Termite Identification


Subterranean termite colonies produce winged swarmers, or more accurately, alates, whose sole function within the colony is to match up together, male and female, after exiting the colony and find a new nest site in which to begin a new colony.  These winged swarmers don’t pose a threat to the homeowner but they do indicate the presence of a colony either within the home or somewhere nearby.

As a rule of thumb, if they appear outside the house, as on window sills or doors, they probably came from somewhere else nearby and only collected there since they’re not strong fliers and wind conditions often dictate where they end up.  However, if they swarm within your home, then the house almost always has a termite problem and this annual mating ritual may be your first indication that they’ve been working on your home a while.

In the first pic below, a couple of workers appear next to a swarmer.  They’re the same length but different colors.  The workers (white or creme-colored) are the ones that are doing all the damage.


The two pics below reveal how small they really are.  The pic on right shows the swarmer that has already dropped its wings after flight.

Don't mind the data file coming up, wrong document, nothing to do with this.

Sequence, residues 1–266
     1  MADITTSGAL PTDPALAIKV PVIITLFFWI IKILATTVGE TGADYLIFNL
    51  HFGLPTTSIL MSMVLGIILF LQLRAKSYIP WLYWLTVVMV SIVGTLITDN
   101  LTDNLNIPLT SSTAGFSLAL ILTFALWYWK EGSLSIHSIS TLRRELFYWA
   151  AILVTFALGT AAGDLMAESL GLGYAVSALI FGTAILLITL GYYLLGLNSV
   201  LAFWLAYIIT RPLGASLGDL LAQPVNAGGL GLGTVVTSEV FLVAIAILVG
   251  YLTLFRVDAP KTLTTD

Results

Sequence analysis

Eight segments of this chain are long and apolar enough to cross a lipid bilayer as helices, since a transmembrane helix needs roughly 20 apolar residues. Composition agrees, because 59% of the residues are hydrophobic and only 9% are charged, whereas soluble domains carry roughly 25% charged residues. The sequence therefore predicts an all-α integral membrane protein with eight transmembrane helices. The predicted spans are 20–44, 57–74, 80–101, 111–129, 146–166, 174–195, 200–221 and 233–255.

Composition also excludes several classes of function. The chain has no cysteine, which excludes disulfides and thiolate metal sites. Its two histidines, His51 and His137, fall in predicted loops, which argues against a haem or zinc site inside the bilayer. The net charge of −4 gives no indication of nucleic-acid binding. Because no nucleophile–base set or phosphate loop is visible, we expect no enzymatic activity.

Differences between Termite Swarmers and Ant Swarmers?  Look below to see the clues. And yes, ants have swarmers too so it’s important to know the subtle differences.


Below you can see how termites have chewed through the drywall.  They are eating the paper off of the gypsum but chew too far, exposing a hole in the wall, which they must seal up with mud.  They don’t always seem to know at first if the hole is going to lead somewhere so sometimes they tend to overwork it and the whole thing ends up looking like a government bureaucracy gone wild.


Below is a pic of a pier & beam house that has termite tubes accessing the house subflooring vie the pier and the beam.  This particular home had been broadcast-sprayed by another company using traditional repellant termiticides, and as you can guess, they didn’t do a very good job.  The beam above the pier is so infested that the termites have even built mud stalactites reaching down from the beam and almost reaching the soil.


If you want to do further research, check out our trusted resources to learn more about this particular pest.

Texas A&M: Termites

Q: How often should I have my house inspected for Termites?

A: Gary’s Termite & Pest Control recommends to have an Annual Termite Inspection.


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